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TRAVEL NEWS

TRAVEL: Spain extends ban on unvaccinated non-EU tourists

Britons, Americans and other non-EU/Schengen travellers who are neither vaccinated nor recently recovered from Covid-19 will not be able to visit Spain for tourism for at least another month, Spanish authorities have confirmed.

TRAVEL: Spain extends ban on unvaccinated non-EU tourists

The Spanish government has again extended temporary restrictions for non-essential travel (including tourism) from most third countries for another month, until June 15th 2022.

That means that non-EU/Schengen adults who reside outside of the EU and who haven’t been fully vaccinated against Covid-19 or recovered from the illness in the past six months cannot go on holiday to Spain during the next month. 

Therefore, Spain continues to not accept negative Covid-19 tests from British, American, Canadian, Indian or other third-country nationals who are neither vaccinated nor recently recovered. 

There had been hopes that the shorter two-week extension to the ban on non-essential travel issued on April 30th, as well as talk of the “orderly and progressive reopening” of the country’s borders, would mean that unvaccinated third country nationals would be allowed into Spain in May.

But in the end, Saturday May 14th’s state bulletin confirmed that Spain will keep the same measures in place for another 31 days, stating that they “will eventually be modified to respond to a change of circumstances or to new recommendations in the context of the European Union”.

Spain’s ban on unvaccinated non-EU travellers is arguably the last major Covid-19 restriction in place in the country, and other EU countries such as Sweden, Poland, Denmark, Czech Republic and Ireland are allowing unvaccinated tourists in.

This latest announcement by the Spanish government marks the umpteenth extension to non-essential travel from outside of the EU/Schengen area over the past two years of the pandemic, the previous one was due to expire on May 15th.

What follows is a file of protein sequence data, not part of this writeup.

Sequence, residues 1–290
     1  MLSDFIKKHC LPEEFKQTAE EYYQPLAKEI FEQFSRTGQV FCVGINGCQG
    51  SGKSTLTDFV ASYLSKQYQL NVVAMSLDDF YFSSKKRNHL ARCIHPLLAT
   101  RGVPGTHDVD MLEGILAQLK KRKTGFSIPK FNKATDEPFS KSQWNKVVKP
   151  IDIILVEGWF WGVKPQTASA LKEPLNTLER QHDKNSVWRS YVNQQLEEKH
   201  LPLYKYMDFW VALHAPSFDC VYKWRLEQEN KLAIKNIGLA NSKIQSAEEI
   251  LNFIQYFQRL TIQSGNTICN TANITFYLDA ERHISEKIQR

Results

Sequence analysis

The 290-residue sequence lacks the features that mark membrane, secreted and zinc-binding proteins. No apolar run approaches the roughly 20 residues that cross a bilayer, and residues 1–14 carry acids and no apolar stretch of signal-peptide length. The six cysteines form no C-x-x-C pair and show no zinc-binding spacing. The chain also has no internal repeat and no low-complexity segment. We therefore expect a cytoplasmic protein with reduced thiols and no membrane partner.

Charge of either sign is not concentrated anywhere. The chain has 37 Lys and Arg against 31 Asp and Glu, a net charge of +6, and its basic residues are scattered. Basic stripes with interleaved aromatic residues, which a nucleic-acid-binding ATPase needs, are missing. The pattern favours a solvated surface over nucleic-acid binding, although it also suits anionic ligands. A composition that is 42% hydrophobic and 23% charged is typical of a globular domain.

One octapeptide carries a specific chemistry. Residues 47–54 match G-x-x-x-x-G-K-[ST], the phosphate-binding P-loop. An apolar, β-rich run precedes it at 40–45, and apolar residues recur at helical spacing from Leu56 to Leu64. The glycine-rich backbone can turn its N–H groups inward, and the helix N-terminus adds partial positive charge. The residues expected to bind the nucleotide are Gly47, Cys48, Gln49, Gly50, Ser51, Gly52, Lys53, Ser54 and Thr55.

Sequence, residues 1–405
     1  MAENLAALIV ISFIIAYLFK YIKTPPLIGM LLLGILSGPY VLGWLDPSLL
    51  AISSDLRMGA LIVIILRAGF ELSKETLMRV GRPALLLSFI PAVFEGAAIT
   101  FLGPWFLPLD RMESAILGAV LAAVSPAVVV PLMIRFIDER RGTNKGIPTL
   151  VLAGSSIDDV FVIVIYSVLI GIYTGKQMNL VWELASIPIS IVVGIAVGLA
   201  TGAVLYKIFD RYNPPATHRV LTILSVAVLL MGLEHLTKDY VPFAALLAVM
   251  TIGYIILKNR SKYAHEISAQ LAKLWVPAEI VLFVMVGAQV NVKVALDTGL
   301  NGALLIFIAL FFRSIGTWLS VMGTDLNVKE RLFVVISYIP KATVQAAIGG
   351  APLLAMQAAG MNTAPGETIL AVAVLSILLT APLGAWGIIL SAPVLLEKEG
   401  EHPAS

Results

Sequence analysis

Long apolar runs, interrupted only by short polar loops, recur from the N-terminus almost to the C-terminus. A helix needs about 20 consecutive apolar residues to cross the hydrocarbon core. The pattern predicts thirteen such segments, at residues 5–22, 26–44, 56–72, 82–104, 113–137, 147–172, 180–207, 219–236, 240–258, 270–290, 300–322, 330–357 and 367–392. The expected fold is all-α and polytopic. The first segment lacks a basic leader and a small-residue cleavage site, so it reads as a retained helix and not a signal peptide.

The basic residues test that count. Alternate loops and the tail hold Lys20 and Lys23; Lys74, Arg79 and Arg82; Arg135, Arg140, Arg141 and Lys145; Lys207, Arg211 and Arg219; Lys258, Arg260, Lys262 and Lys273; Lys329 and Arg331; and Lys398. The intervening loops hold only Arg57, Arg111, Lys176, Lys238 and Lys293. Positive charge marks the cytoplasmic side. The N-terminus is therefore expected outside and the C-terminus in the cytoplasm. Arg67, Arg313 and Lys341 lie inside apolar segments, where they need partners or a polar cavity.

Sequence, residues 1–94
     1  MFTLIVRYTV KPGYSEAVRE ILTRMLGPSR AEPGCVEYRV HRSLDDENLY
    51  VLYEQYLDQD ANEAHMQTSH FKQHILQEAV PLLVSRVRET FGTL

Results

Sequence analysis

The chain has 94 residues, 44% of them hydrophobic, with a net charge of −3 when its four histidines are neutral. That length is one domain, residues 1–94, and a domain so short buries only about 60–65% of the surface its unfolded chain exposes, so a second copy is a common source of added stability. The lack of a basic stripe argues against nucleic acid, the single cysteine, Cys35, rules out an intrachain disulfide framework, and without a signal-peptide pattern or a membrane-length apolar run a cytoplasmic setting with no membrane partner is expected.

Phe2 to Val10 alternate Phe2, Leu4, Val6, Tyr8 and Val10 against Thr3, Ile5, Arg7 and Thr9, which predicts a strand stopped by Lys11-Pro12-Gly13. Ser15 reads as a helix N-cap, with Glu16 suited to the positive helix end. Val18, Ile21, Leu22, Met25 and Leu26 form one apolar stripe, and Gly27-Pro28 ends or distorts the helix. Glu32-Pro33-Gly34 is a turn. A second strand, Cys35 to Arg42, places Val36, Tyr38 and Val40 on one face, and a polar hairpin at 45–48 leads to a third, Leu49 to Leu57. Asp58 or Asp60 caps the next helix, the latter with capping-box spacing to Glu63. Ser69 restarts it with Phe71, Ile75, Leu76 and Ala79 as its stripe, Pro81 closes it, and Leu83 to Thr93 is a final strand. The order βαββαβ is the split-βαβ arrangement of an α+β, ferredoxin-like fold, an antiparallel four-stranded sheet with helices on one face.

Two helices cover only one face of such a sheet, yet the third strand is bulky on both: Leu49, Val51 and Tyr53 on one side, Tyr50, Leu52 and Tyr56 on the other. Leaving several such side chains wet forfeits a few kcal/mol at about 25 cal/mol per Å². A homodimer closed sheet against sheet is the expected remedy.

But perhaps this extension is the most surprising, as the Spanish health ministry has modified its rulebook to treat Covid-19 like the flu and the country wants to recover the tourism numbers it had pre-pandemic.

The ban affects unvaccinated British tourists in particular, as the UK is still the biggest tourism market for Spain, but Britons’ non-EU status means they have to follow the same Covid-19 travel rules as other third-country nationals.

Vaccinated or recovered third-country travellers

Those who were fully vaccinated against Covid-19 more than two weeks prior to travel to Spain will need to show a valid vaccination certificate with an EMA or WHO approved vaccine.

If their initial vaccination treatment was completed more than 9 months ago (270 days), they’ll need to show they’ve had a Covid-19 booster shot. 

As for non-EU/Schengen travellers who have recovered from Covid-19 in the past six months, they will need to show a recovery certificate to prove this

According to Spain’s Health Ministry, recovery certificates accepted as valid are those “issued at least 11 days after the first positive NAAT or RAT, and up to a maximum of 180 days after the date of sampling”, as well as being issued by the relevant authorities.

Exceptions

In early February, Spanish authorities also decided to start allowing unvaccinated non-EU/Schengen teenagers aged 12 to 17 to visit Spain for tourism if they provided a negative PCR.

Spain continues to have a small list of low-risk third countries whose travellers visiting Spain for non-essential reasons can enter without having to present proof of Covid-19 testing, recovery or vaccination. 

This is updated weekly and can be checked here by clicking on the PDF under “risk and high risk countries/areas”. 

READ ALSO: Can I travel to my second home in Spain if I’m not vaccinated?

If you’re not vaccinated or recovered, the exceptions for travel to Spain from third countries that fall under the non-essential travel restrictions are:

  • You are a resident in the EU or Schengen country.
  • You have a visa for a long duration stay in an EU or Schengen country.
  • You work in transport, such as airline staff or are in a maritime profession.
  • You work in diplomatic, consular, international organisations, military or civil protection or are a member of a humanitarian organisation.
  • You have a student visa for a country in the EU or Schengen zone.
  • You are a highly qualified worker or athlete whose work cannot be postponed or carried out remotely.
  • You are travelling for duly accredited imperative family reasons.
  • You are allowed entry due to force majeure or on humanitarian grounds.
  • And as mentioned earlier in the article, if you have a vaccination certificate that Spain’s Ministry of Health recognises, as well as for any accompanying minors (unless they’re under 12 years of age).

READ ALSO: When do I need to fill out Spain’s Covid health control form for travel?